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Humeral Shaft Fractures

Humeral shaft fractures are relatively common injuries (account for 3–5% of all fractures occurring in the human body). Most of them occur after direct blows, and by motor vehicle accident. Other causes that account for less than 10% of humeral shaft fractures include sporting activities, working accidents, fall from a height, violence, and bone pathology.

Up to the age of 60 years, diaphyseal humeral fractures occur equally in men and women and the incidence does not seem to increase with age. After the age of 60 years 80% are women and humeral shaft fractures become more frequent.

The radial nerve is prone to damage, either during the initial injury or during fracture reduction (10% to 12% of all closed humeral shaft fractures).

Related Anatomy

The humeral shaft extends from the insertion of pectoralis major to the supracondylar ridge.

The humeral shaft has a rich vascular supply, being densely covered with muscular attachments. The radial nerve along with the profunda brachii artery winds around the humeral shaft posteriorly in the spiral groove. At the region where it travels from the posterior to the anterior compartment, it is transfixed to the bone by the lateral intermuscular septum and is prone to injury by fractures in this region.

Depending on the level of fracture, the fracture fragments are displaced by the strong muscular attachments into different positions.

Mechanism of Injury

Direct trauma to the arm is the most common mode of injury and results in transverse or comminuted fractures. In elderly patients, indirect injury through a fall on an outstretched arm results in spiral or oblique fractures.

Clinical Evaluation

Patients with humeral shaft fractures typically present with pain, swelling, deformity and shortening of the affected arm.

A careful neurovascular examination is done with particular attention to radial nerve function and is documented.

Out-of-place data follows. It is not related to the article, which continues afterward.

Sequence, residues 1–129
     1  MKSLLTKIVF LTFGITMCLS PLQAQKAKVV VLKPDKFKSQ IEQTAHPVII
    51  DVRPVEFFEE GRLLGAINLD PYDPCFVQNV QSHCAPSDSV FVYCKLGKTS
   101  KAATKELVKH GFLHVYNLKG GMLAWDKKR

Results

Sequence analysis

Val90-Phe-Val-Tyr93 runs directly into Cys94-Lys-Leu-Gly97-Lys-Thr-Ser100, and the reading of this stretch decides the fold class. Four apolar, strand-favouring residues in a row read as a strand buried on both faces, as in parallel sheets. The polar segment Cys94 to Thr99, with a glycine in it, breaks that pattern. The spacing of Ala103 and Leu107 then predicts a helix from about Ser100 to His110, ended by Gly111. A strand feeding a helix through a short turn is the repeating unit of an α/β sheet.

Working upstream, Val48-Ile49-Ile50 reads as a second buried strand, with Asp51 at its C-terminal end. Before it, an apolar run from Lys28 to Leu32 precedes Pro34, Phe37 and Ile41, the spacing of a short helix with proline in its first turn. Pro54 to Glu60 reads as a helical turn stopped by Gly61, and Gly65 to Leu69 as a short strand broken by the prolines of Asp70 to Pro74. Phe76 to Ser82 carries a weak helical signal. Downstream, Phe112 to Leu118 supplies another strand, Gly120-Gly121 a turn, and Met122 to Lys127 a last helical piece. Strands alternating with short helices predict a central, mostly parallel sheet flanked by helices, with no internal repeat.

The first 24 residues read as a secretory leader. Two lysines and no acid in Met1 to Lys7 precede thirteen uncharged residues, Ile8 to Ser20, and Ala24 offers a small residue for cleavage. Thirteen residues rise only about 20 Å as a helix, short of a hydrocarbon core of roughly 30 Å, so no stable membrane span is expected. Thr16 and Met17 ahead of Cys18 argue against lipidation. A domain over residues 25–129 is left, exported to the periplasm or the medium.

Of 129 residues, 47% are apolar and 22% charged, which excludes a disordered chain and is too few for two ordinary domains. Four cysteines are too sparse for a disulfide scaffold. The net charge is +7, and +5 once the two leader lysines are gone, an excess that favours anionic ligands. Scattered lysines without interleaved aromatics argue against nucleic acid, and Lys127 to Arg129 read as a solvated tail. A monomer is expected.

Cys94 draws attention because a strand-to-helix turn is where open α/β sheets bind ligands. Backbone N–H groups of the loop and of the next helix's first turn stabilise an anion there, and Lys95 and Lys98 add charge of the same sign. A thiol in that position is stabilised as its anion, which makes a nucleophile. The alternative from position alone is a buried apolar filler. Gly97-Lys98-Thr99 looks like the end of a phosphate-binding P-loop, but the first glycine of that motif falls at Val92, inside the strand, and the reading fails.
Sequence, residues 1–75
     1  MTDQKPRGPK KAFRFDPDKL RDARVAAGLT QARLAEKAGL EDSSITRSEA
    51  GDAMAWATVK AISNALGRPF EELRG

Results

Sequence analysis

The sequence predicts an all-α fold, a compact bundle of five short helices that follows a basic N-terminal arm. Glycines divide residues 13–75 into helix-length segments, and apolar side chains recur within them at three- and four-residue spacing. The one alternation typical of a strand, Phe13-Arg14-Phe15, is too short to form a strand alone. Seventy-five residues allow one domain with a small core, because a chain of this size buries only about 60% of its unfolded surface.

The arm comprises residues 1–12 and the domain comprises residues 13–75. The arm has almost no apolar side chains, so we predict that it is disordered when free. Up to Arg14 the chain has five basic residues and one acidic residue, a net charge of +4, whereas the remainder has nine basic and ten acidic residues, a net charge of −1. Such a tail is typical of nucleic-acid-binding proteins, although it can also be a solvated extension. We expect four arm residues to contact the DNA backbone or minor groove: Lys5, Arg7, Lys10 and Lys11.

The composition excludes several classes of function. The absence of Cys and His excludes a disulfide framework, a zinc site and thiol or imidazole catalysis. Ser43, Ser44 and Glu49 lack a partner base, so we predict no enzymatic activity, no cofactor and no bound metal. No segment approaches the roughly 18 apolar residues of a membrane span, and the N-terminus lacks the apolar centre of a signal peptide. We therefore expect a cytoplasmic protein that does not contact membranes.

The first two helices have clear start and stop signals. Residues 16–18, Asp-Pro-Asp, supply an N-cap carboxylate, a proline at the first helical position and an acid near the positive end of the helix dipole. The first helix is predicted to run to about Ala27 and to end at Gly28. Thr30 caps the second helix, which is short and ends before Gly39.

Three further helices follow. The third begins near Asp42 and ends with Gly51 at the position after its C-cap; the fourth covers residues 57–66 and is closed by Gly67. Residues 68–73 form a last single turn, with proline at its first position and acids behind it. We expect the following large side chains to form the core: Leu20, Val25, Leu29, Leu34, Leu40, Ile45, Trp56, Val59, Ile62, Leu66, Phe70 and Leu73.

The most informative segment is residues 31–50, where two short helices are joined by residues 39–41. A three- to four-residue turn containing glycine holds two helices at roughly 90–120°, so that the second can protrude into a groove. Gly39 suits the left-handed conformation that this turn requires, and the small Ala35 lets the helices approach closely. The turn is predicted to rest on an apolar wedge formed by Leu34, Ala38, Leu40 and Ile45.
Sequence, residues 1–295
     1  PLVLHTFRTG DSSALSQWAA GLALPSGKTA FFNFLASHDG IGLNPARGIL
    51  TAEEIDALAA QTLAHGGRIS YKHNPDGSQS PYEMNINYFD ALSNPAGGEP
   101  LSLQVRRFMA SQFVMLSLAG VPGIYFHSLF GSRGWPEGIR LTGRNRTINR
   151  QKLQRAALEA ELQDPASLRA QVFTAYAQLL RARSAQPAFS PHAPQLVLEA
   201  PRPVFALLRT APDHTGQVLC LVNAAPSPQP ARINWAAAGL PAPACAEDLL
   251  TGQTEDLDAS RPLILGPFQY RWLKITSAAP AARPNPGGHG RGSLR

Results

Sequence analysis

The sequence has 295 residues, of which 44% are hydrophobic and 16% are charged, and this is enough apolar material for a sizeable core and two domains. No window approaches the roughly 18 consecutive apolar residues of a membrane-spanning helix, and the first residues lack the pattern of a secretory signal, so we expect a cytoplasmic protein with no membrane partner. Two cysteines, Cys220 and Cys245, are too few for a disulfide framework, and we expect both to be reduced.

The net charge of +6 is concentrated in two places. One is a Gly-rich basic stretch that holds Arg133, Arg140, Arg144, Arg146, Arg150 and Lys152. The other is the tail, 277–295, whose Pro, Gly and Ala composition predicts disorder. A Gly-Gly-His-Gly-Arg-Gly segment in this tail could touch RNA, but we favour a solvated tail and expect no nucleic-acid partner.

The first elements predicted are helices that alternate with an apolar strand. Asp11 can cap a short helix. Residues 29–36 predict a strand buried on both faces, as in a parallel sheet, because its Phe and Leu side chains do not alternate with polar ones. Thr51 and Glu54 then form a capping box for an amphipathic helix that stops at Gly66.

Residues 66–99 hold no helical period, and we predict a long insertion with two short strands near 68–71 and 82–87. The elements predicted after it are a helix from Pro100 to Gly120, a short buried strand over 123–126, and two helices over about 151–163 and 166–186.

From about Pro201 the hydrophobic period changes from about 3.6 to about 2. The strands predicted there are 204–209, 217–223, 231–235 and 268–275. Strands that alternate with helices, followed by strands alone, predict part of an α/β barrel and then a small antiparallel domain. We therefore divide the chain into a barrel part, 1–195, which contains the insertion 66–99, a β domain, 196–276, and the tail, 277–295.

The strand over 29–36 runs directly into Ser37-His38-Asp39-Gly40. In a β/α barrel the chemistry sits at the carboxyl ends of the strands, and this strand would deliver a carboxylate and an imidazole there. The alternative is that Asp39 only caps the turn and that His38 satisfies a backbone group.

hand drop after midshaft humerus fracture
The clinical picture of a radial nerve palsy

Radiology Evaluation

Anteroposterior and lateral radiographs of the humerus, including the shoulder and elbow joints, are the only imaging studies usually required.

Humeral Shaft Fractures Classification

Garnavos classification of diaphyseal humeral fractures is based on:

  • The location (proximal third, middle third, distal third),
  • The degree of displacement or the fracture anatomy (transverse, oblique, spiral, segmental, comminuted).
Garnavos classification for humeral shaft fractures
Garnavos classification of humeral shaft fractures

In 1963, Holstein and Lewis associated a special type of fracture of the distal humerus, a simple displaced spiral fracture, with the distal end deviating toward the radial side occurring in about 7% of all humeral shaft fractures, with an increased rate of radial nerve palsy

Holstein-Lewis fracture
Holstein-Lewis fracture
Humeral Shaft Fractures AO OTA calssification
AO/OTA classification of diaphyseal humeral fractures

Humeral Shaft Fracture Treatment

The principles of humeral shaft fracture treatment are to achieve union with an acceptable alignment and to restore the patient quickly to pre-injury functional status. This is usually achieved by conservative measures in the majority of patients.

Non-Operative Treatment

Most humeral shaft fractures (>90%) will heal with non-surgical management. About 20° of angulation and up to 3 cm of apposition do not cause functional disability in the upper limb.

The methods of conservative care are:

  • Hanging cast: This utilizes gravity-dependent traction by the weight of the cast and arm to effect fracture reduction. It is useful in displaced midshaft humerus fractures, particularly spiral or oblique patterns.